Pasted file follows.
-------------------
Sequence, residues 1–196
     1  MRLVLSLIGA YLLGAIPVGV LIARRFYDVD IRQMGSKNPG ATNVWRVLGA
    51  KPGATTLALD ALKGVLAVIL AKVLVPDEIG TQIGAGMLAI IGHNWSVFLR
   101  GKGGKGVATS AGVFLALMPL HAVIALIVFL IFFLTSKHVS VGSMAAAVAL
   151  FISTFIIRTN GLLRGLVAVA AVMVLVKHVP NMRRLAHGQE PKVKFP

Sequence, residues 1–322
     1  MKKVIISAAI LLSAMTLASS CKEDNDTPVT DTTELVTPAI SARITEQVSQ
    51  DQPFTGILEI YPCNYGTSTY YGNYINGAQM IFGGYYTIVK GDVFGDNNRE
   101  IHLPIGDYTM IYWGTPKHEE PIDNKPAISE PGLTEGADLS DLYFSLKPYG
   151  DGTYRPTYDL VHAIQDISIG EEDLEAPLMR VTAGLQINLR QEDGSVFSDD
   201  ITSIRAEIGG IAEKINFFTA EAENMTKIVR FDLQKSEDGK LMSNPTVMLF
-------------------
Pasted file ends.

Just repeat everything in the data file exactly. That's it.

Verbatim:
Sequence, residues 1–196
     1  MRLVLSLIGA YLLGAIPVGV LIARRFYDVD IRQMGSKNPG ATNVWRVLGA
    51  KPGATTLALD ALKGVLAVIL AKVLVPDEIG TQIGAGMLAI IGHNWSVFLR
   101  GKGGKGVATS AGVFLALMPL HAVIALIVFL IFFLTSKHVS VGSMAAAVAL
   151  FISTFIIRTN GLLRGLVAVA AVMVLVKHVP NMRRLAHGQE PKVKFP

Sequence, residues 1–322
     1  MKKVIISAAI LLSAMTLASS CKEDNDTPVT DTTELVTPAI SARITEQVSQ
    51  DQPFTGILEI YPCNYGTSTY YGNYINGAQM IFGGYYTIVK GDVFGDNNRE
   101  IHLPIGDYTM IYWGTPKHEE PIDNKPAISE PGLTEGADLS DLYFSLKPYG
   151  DGTYRPTYDL VHAIQDISIG EEDLEAPLMR VTAGLQINLR QEDGSVFSDD
   201  ITSIRAEIGG IAEKINFFTA EAENMTKIVR FDLQKSEDGK LMSNPTVMLF